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West 49 Makes Two Acquisitions

BY CSA STAFF

Burlington, Ontario, Canadian apparel retailer West 49 recently completed the purchase of a retail chain of 24 Quebec-based specialty stores from Modes Freedom. The 24 retailers operate under three banners: Arsenic, Amnesia and D-Tox. The total purchase price was approximately $9.37 million.

In a separate agreement, West 49 also acquired Board Zone Inc., an on-line sports retailer. The purchase of Board Zone will expand the Canadian retailer’s business to include the burgeoning market of on-line sales. Including cash and shares, the second of West 49’s acquisitions is valued at about $1.425 million.

“These acquisitions further support our vision to build the dominant Canadian retailer in action sports apparel through the further expansion of our national presence and the establishment of multi-channel distribution,” said Sam Baio, president and CEO of West 49.

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Tesco Heats Up Supermarket Lines

BY CSA STAFF

New York City, Tesco has reportedly introduced a new heat sensor technology in several of its stores. In an effort to increase customer satisfaction by decreasing checkout lines, the British retail giant installed heat sensors above checkout lanes. The sensors detect the number of people in line and then display the information in a panel above the lane, allowing shoppers to determine the shortest lines.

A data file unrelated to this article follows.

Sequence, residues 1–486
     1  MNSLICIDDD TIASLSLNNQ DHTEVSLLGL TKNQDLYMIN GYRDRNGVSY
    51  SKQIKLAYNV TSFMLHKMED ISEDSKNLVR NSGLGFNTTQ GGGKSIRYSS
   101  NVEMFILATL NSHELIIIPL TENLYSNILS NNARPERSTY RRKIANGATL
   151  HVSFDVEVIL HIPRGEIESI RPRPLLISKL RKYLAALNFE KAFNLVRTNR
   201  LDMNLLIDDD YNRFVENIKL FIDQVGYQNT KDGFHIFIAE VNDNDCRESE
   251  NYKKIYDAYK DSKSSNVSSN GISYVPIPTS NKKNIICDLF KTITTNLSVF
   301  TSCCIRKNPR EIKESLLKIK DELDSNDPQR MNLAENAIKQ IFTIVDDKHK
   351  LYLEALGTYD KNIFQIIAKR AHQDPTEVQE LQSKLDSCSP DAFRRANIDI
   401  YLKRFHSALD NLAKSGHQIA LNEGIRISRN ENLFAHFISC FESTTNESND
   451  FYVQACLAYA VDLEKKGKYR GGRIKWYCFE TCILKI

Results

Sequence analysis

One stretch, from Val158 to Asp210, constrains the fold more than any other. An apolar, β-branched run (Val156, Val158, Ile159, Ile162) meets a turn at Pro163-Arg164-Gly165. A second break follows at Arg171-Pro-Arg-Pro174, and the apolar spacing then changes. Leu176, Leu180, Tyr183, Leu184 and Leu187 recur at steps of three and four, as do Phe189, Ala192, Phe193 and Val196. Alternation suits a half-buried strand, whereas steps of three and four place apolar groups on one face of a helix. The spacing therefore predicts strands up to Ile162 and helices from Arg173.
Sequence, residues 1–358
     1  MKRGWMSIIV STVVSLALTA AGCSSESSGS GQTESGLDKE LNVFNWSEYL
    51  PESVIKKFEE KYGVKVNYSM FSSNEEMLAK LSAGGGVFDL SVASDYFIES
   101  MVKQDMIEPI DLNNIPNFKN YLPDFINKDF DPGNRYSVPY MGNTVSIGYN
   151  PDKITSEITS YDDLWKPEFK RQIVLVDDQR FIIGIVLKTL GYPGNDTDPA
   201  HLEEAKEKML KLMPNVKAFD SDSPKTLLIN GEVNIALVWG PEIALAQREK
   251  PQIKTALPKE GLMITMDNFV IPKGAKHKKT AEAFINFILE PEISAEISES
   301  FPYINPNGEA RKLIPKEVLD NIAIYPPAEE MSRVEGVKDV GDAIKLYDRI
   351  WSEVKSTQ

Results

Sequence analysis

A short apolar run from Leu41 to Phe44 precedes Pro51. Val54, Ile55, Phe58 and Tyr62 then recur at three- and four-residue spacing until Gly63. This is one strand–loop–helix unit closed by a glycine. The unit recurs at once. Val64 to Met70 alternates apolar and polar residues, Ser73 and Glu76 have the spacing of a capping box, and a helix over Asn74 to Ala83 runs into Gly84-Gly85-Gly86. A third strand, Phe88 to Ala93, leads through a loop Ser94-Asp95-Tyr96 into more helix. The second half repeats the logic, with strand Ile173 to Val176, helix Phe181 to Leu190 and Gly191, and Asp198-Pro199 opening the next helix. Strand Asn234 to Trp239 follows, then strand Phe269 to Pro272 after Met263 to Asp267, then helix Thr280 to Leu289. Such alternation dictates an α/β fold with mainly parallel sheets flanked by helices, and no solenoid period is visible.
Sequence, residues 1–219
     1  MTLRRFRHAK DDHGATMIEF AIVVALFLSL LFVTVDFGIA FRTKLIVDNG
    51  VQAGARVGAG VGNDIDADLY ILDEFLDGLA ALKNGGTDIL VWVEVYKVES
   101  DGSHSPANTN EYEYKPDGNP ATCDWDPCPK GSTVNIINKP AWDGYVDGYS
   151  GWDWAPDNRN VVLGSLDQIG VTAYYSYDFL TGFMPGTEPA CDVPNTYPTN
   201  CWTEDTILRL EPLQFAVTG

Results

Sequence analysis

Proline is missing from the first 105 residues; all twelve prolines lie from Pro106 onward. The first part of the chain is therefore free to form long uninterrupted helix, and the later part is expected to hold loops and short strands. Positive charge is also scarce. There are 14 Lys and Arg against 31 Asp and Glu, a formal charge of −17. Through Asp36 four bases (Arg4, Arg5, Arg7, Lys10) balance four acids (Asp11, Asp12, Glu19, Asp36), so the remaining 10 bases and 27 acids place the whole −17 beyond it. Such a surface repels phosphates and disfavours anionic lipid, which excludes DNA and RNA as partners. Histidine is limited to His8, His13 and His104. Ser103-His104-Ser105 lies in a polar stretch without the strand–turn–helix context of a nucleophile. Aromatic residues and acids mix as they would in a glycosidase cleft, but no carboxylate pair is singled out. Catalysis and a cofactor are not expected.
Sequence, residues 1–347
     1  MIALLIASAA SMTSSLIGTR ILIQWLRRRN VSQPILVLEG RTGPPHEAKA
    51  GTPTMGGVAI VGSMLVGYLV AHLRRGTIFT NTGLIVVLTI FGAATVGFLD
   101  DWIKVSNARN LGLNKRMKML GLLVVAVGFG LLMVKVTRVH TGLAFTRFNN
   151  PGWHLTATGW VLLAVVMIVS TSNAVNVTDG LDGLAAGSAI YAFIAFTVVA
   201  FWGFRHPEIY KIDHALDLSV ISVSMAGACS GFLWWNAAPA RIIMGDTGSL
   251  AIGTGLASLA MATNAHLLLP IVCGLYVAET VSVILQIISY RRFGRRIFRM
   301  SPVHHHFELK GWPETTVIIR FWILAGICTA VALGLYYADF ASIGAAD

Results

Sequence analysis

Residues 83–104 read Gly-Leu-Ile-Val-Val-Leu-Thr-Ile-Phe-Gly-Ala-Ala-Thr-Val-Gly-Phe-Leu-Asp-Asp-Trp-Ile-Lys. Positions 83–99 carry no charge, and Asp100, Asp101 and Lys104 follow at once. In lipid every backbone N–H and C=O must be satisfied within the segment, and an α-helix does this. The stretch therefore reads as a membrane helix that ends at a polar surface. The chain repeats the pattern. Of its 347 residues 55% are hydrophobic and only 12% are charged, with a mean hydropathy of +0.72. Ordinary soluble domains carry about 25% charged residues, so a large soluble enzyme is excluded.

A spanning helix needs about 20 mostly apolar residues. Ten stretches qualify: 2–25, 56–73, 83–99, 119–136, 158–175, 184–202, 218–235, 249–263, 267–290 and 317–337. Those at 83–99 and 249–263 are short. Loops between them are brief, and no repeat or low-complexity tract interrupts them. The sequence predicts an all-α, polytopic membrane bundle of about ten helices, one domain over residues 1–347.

Tesco says that the technology has successfully reduced checkout wait times.

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N.J. Gas Stations Charged After Violations

BY CSA STAFF

Newark, N.J., New Jersey became the first state to take legal action in response to steeply inflated gas prices when state attorney general Peter C. Harvey alleged in court that 20 N.J. gas stations and their oil suppliers violated a state law that forbids multiple price increases in a single day.

Harvey charged that several stations hiked their prices as many as four or five times in one day as Hurricane Katrina wreaked havoc on the oil industry. According to the report, some stations even charged credit-card users more than the receipt amounts; others secretly substituted regular gas for premium.

Many of the accused station owners said that they were unaware of the law against price increases, while others defended their actions as necessary in the face of rising wholesale prices.

New Jersey remains the only state with a law against multiple daily increases in gas prices. The New York Times reports that the law was put in place in 1938 to protect small operators from larger companies during price wars.

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